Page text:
EGU22-9719, updated on 09 Jan 2024
EGU General Assembly 2022
© Author(s) 2024. This work is distributed under
the Creative Commons Attribution 4.0 License.

Seasonal Forecasting of Horn of Africa’s Long Rains Using Physics-Guided Machine Learning

Victoria Deman, Akash Koppa, and Diego Miralles
Victoria Deman et al.
  • Hydro-Climate Extremes Lab (H-CEL), Ghent University, Ghent, Belgium

The Horn of Africa is known to be prone to climate impacts; the frequent occurrence of droughts and floods creates vulnerable conditions in the region. Gaining knowledge on (sub-)seasonal weather prediction and generating more reliable long-term forecasts is an important asset in building resilience. Most of the region is characterized by a bimodal precipitation cycle with rainfall seasons in boreal spring (March–May), termed the long rains, and boreal autumn (October–November), termed the short rains. Previous studies on seasonal forecasting focused mostly on empirical linear regression methods using information from ocean–atmosphere modes. To date, the potential of more complex methods, such as machine learning approaches, in improving seasonal precipitation predictability in the Horn of Africa still remains understudied.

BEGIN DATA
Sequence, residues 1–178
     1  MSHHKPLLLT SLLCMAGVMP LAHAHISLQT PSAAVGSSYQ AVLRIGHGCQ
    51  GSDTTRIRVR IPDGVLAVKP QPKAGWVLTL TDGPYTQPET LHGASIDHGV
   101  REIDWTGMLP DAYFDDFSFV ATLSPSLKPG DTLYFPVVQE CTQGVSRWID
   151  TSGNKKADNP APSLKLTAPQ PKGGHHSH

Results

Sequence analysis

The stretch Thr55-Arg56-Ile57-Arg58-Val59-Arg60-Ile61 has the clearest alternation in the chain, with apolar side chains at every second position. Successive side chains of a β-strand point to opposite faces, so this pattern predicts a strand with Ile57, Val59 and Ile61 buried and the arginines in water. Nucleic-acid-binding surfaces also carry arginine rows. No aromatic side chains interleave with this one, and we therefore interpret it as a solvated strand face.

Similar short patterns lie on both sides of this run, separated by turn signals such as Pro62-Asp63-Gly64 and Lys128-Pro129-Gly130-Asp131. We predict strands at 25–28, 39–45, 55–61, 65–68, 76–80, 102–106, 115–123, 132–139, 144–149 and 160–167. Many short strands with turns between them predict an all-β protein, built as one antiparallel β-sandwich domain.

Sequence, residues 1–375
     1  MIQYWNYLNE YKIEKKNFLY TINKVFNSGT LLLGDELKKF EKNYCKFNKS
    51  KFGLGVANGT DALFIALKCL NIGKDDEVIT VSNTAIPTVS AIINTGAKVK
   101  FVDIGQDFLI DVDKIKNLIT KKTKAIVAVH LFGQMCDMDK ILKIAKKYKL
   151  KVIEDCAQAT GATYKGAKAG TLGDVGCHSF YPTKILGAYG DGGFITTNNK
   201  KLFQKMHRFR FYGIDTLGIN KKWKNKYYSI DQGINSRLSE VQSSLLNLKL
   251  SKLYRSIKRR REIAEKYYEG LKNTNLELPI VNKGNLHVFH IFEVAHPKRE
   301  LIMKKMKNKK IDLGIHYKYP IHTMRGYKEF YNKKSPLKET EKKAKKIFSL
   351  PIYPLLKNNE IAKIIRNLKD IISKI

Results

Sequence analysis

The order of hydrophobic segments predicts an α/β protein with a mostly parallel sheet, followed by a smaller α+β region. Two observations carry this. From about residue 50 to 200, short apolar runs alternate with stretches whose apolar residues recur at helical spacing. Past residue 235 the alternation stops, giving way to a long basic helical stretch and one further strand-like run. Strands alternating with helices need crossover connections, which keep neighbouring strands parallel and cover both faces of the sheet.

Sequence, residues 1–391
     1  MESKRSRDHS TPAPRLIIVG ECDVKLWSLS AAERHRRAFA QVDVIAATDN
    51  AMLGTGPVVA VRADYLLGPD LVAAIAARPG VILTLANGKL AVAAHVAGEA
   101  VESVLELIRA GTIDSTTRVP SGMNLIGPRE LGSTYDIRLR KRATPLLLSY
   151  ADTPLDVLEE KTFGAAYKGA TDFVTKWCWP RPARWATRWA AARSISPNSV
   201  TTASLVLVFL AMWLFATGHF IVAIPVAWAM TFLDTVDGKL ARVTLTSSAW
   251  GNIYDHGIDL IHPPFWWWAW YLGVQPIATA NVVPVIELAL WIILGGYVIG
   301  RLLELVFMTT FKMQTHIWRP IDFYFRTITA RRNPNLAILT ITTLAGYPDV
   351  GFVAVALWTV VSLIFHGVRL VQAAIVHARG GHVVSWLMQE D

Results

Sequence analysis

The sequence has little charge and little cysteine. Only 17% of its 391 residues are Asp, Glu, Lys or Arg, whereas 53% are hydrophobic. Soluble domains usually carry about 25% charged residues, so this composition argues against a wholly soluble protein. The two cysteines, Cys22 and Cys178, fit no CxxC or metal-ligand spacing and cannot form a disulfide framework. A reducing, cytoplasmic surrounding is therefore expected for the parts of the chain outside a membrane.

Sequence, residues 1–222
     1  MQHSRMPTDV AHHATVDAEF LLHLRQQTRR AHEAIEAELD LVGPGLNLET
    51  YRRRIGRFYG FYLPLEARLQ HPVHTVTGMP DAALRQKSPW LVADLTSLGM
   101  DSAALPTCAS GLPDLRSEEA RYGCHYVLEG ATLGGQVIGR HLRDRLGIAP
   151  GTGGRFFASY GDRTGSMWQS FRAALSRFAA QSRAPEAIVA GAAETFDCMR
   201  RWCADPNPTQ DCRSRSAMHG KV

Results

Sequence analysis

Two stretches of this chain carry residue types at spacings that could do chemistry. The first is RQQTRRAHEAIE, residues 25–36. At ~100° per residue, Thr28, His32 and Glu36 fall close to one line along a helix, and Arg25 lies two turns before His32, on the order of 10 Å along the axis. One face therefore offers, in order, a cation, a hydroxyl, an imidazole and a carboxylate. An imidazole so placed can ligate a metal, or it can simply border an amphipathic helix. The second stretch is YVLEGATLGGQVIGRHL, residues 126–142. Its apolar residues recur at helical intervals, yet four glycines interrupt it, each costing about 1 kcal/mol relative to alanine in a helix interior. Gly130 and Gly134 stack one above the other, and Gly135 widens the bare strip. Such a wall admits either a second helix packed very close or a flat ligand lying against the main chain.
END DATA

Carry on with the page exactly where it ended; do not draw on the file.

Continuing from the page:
In this study, machine learning models targeting precipitation during the long rains are developed. The focus on the long rains is motivated by the fact that it is the main rain season in the region and the sources of predictability have proven to be more difficult to pin down. The long rain season has a weak internal coherence and looking at the months separately has proven to enhance prediction skill. Therefore, machine learning models are constructed for the different months (March, April, and May) separately at lead times of 1–3 months. Following an extensive survey of literature, the predictors of the long rain precipitation at seasonal timescales selected in this study include coupled oceanic-atmospheric oscillation indices (such as MJO, ENSO and PDO), regions of zonal winds over 200mb and 850mb and sea-surface temperature (SST) regions with strong correlation to long rain precipitation. Further, a selection of additional terrestrial and oceanic predictors is guided by Lagrangian transport modeling, used to identify the regions sourcing moisture during the long rains. This set of predictors include soil moisture, land surface temperature, normalized vegetation index (NDVI), leaf area index (LAI) and SST, which are averaged over the climatological source region of long rain precipitation. Finally, we provide new insights into the predictability of long rain precipitation at seasonal timescales by analyzing the relative importance of the different predictors used for developing the machine learning model.

How to cite: Deman, V., Koppa, A., and Miralles, D.: Seasonal Forecasting of Horn of Africa’s Long Rains Using Physics-Guided Machine Learning, EGU General Assembly 2022, Vienna, Austria, 23–27 May 2022, EGU22-9719,, 2022.